The fact that Jesus is coming is exciting.   But it can also be a frightening and worrying prospect if we have not prepared for Him.   So we must listen to the message of John the Baptist and be prepared.


Father in heaven
You sent your Son to redeem the world
and will send Him again to be our judge:
give us grace so to imitate Him
in the humility and purity of His first coming
that, when He comes again,
we may be ready to greet Him
with joyful love and firm faith;
through Jesus Christ our Lord.


Luke 3:7-18
John’s message


7John said to the crowds that came out to be baptized by him, “You brood of vipers! Who warned you to flee from the wrath to come? 8Bear fruits worthy of repentance. Do not begin to say to yourselves, ‘We have Abraham as our ancestor’; for I tell you, God is able from these stones to raise up children to Abraham. 9Even now the ax is lying at the root of the trees; every tree therefore that does not bear good fruit is cut down and thrown into the fire.” 10And the crowds asked him, “What then should we do?” 11In reply he said to them, “Whoever has two coats must share with anyone who has none; and whoever has food must do likewise.” 12Even tax collectors came to be baptized, and they asked him, “Teacher, what should we do?” 13He said to them, “Collect no more than the amount prescribed for you.” 14Soldiers also asked him, “And we, what should we do?” He said to them, “Do not extort money from anyone by threats or false accusation, and be satisfied with your wages.”

15As the people were filled with expectation, and all were questioning in their hearts concerning John, whether he might be the Messiah, 16John answered all of them by saying, “I baptize you with water; but one who is more powerful than I is coming; I am not worthy to untie the thong of his sandals. He will baptize you with the Holy Spirit and fire. 17His winnowing fork is in his hand, to clear his threshing floor and to gather the wheat into his granary; but the chaff he will burn with unquenchable fire.” 18So, with many other exhortations, he proclaimed the good news to the people.


In today’s Gospel, Luke tells us how God sent and used John the Baptist to prepare the way for the Lord Jesus to begin his public ministry.   John’s ministry was primarily preaching the message of repentance and baptizing those who responded.

Those who heard John were told that in order to experience in full the influence of God upon their lives they must make preparation for His coming and this was primarily seen as involving repentance for sins.

Many people were coming to John and wondering if he was the Christ.    John may have been tempted to declare himself as someone of greater importance but he was careful to proclaim that he was the forerunner of someone much greater that himself.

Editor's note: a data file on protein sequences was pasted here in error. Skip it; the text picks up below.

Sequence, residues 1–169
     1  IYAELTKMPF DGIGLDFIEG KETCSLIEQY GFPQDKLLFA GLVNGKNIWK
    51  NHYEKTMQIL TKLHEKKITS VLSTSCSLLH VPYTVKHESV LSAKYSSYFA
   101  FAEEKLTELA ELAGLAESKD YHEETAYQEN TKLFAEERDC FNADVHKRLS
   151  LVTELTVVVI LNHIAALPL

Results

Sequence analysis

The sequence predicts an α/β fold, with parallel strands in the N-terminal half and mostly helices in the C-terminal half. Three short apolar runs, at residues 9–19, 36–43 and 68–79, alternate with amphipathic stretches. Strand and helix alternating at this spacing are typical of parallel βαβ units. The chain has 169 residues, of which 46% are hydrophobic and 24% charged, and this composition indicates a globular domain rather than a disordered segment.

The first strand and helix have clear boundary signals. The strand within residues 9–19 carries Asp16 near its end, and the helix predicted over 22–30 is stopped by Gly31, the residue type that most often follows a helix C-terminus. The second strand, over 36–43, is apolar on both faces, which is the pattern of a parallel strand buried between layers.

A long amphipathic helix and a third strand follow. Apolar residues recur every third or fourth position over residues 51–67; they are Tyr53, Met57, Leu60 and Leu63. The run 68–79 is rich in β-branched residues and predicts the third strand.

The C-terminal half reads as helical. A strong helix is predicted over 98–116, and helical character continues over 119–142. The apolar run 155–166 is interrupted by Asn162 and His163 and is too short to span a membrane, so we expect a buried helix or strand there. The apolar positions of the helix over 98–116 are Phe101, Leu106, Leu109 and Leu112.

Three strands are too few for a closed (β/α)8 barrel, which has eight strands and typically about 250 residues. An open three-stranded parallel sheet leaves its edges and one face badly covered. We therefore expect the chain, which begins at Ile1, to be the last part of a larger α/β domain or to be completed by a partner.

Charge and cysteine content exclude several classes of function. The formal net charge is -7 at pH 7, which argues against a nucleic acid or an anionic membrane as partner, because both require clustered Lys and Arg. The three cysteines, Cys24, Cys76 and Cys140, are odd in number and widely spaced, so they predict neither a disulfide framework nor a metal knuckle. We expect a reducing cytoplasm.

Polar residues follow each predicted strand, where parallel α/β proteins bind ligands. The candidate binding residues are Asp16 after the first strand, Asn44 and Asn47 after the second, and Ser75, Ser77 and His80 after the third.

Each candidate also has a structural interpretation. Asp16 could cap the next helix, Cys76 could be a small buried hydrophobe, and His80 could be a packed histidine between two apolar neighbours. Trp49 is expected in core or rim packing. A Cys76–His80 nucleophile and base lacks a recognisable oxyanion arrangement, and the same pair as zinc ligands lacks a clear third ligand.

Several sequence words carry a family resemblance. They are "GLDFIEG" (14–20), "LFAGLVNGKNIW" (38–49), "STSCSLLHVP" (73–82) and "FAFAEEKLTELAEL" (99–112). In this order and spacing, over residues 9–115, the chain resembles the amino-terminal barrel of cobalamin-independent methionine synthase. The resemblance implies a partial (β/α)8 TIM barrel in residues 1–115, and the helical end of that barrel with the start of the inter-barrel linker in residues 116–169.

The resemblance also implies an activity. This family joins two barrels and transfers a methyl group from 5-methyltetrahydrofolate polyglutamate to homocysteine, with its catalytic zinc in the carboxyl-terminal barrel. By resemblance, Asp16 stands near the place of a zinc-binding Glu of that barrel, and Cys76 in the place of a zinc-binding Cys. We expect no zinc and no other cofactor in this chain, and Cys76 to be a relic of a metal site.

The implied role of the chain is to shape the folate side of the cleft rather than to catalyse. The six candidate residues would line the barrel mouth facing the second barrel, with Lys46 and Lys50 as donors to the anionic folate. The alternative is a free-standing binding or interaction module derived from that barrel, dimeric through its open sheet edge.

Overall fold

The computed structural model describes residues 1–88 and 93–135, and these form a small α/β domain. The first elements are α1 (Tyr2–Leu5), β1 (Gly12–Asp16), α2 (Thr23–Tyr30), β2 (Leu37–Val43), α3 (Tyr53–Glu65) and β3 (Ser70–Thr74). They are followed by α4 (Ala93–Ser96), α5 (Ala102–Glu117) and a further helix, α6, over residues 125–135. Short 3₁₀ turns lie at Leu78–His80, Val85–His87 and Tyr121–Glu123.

John told those who questioned him, ‘I baptize you with water; but one who is more powerful than I is coming; I am not worthy to untie the thong of his sandals.   He will baptize you with the Holy Spirit and with fire.”

Jesus is superior to John in the nature of his work and in the nature of his being.    John explains Christ’s superiority in works by comparing their baptisms.   John’s water baptism is important for those who receive it and are prepared to receive the Lord.   However, it is far less powerful than the baptism that Christ gives.

The water of baptism was a sign of repentance and a public declaration of beginning a new life but it did not change a person’s inner nature.

The true baptism of Jesus with the Holy Spirit has power to transform our inner being.   It puts to death our sinful nature and creates a new nature like that of Christ’s.


Heavenly Father,
Help us to hear the message of John the Baptist
and to realise that our lives need to be cleansed and purified
not simply by Baptism but by putting to death our sinful nature
to become a new person whose life conforms to that which is revealed to us
through our Lord and Saviour Jesus Christ.


Luke 1:39-45
Mary visits Elizabeth

In those days Mary set out and went with haste to a Judean town in the hill country, where she entered the house of Zechariah and greeted Elizabeth. When Elizabeth heard Mary’s greeting, the child leapt in her womb. And Elizabeth was filled with the Holy Spirit and exclaimed with a loud cry, ‘Blessed are you among women, and blessed is the fruit of your womb. And why has this happened to me, that the mother of my Lord comes to me? For as soon as I heard the sound of your greeting, the child in my womb leapt for joy. And blessed is she who believed that there would be a fulfilment of what was spoken to her by the Lord.’


Today is the last Sunday before Christmas.    What I remember most about the Christmases of my childhood were the family get-togethers.   It was the one time of the year when I got to see some of my aunts, uncles, and cousins.   It was fun visiting, eating, and playing games.